There is a book inside you. There has to be. Why else are you reading a post about writing a book?
Getting that book out, of course, is the extremely difficult part. The words don’t come out as we imagine. The time to write shrinks as life gets busier. And so many questions vex us — so many lies that we tell ourselves to avoid the challenge ahead.
But you have to write your book. It’s one of the greatest driving forces in your life. Here are the lies that might be holding you back, and the truths you need to overcome them.
Pretend you are an interviewer for a newspaper, a secret agent, or a novelist, and you are interviewing, or interrogating, a character for your story. Imagine the character is sitting in front of you, you have a new fifty sheet yellow writing pad and your favorite pencil your cat chewed, and you are about to ask them a list of questions.
Create a character by conducting an interview. Interview your character before you start writing so you can immerse yourself completely in who they are and what they stand for. Interview them and find out who they are.
We think of authors as loners. Locked in dark caves with nothing but their type-writers and a candles, they painstakingly pound out one word after another, bleeding on the page to create a story they hope the world will accept. This image couldn’t be further from the truth.
As John Donne wrote, “No man is an island entire of itself; every man is a piece of the continent, a part of the main.” One way you can feel more like part of the main is by utilizing the tool of crowdsourcing.
I often hear practicing writers ask, “What if I can’t think of anything to write about?” Sometimes they even have notebooks full of observations, but they feel like none of them are good enough for a story.
I’ve felt the same way, but there are more opportunities or seeds for ideas in our notebooks than we think. It might be an image, a snippet of a conversation we overheard at lunch, or a social issue that grates against us. Once we have the seeds, how do we take those seeds and develop them into stories?
A lot of you have just finished participating in The Write Practice’s 7 Day Creative Writing Challenge. You’re pumped, inspired, enthused. You feel good about establishing a writing habit. Now what?
Now you write a short story and submit it.
This post is the first in a four-part series that will walk you through the process of planning, writing, and submitting a short story. At the end of the series, you’ll have a short story ready for submittal!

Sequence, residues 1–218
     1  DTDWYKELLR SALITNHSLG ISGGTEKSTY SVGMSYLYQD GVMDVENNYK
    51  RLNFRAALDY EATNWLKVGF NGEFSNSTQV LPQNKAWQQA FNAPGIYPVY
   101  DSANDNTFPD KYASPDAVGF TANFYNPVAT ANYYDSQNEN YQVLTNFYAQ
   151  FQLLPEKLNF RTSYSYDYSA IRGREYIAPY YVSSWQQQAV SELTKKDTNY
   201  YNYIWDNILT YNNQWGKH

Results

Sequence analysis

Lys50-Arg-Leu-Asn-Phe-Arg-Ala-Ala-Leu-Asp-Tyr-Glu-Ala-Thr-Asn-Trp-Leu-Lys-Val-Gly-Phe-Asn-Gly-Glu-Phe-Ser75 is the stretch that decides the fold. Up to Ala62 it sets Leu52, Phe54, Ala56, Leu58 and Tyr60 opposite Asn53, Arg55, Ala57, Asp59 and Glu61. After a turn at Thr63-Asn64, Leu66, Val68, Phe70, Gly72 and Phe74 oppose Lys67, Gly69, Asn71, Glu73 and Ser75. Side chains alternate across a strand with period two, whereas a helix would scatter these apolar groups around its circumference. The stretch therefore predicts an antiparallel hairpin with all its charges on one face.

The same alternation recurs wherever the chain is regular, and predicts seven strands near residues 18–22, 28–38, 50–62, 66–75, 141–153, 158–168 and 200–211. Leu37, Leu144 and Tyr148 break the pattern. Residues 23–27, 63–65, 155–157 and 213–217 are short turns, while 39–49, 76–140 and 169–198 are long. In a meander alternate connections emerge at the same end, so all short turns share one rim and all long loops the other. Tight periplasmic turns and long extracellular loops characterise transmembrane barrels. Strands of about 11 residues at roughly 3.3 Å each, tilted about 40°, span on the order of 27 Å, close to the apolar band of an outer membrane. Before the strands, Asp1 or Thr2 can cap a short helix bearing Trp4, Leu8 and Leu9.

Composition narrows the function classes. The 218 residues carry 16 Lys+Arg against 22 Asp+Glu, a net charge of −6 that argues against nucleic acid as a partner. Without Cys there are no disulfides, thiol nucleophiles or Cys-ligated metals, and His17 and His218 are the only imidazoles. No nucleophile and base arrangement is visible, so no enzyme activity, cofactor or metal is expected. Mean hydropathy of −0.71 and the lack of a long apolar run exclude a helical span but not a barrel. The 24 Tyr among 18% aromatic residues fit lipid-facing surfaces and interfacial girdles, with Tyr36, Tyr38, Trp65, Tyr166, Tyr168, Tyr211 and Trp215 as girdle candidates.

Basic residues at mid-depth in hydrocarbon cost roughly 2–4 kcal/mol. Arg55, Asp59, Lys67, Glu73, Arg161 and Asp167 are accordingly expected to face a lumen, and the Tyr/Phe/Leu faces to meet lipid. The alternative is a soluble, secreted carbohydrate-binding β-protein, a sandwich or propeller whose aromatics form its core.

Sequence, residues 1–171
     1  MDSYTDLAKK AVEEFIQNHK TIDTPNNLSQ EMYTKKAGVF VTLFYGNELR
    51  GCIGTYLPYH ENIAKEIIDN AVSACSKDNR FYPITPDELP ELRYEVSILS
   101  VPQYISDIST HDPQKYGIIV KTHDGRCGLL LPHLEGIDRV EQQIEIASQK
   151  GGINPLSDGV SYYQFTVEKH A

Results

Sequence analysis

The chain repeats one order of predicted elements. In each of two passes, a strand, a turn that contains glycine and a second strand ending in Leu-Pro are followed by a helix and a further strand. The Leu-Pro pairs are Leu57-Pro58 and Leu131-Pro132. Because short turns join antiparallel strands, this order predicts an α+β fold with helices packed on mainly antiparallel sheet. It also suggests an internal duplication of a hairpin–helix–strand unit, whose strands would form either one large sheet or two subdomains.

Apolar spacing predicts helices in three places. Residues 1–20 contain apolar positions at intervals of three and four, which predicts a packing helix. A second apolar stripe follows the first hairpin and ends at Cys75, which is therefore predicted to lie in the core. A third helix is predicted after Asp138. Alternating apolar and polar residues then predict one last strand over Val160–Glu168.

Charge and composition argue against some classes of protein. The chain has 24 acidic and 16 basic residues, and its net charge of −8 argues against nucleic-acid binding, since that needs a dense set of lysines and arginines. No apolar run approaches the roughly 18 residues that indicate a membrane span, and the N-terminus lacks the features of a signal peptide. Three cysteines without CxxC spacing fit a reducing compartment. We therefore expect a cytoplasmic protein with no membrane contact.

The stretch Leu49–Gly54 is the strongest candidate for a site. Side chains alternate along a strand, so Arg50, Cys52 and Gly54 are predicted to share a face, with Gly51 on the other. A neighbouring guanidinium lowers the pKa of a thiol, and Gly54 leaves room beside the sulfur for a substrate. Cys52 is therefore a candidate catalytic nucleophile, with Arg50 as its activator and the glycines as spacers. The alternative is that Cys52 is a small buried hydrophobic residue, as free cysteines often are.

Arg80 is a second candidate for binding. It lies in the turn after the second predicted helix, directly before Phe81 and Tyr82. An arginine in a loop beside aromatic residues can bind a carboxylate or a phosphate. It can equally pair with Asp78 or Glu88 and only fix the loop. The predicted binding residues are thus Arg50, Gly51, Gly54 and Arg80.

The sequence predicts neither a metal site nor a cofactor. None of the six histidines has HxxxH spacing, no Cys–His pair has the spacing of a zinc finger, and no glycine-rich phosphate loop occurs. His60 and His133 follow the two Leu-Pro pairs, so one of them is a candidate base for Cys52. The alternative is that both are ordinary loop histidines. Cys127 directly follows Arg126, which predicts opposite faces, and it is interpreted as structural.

Here’s a secret: I’ve never been explicitly taught not to split infinitives (or to not split infinitives?). Surprise!
If that statement’s a shocking pronouncement, or if it makes no sense at all, never fear. Let’s take a step back and look at the long, illustrious history of split infinitives.
I have a friend who is both a writer and a visual artist. One day she entered a painting contest and won third place! All of the award-winning entries were put on display. And then, during the exhibition, she overheard some people talking about her piece, unaware that she was the artist.
They said she hadn’t followed all the rules.
And I’d argue that’s actually a good thing, because sometimes, rules are made to be broken.
Ten years ago, I never would have believed I would be able to finish writing a book.
I always wanted to be a writer, but writing was so difficult for me. In middle school, I struggled with every writing assignment. In high school, my friends always got better grades on their essays than I did. I had such a hard time writing that I majored in it in college. I felt that if four more years of school couldn’t help me, nothing could.
I don’t think I’m alone in this, either. Many of us struggle to write. Today, I’m unpacking what made writing so hard for me as well as the strategies I’ve developed over the years.
It can feel impossible to know where to start writing. We can become paralyzed by fear, worrying our words will offend or bore readers, or worse, that we’ll never have any readers at all. In order to move past these feelings, we have to overcome perfectionism.
That’s easier said than done, but these three strategies make all the difference.
Have you participated in a writing challenge like NaNoWriMo or our 7 Day Creative Writing Challenge? Congratulations! Whether you met your goal or didn’t quite make it, you’ve written words that weren’t there before.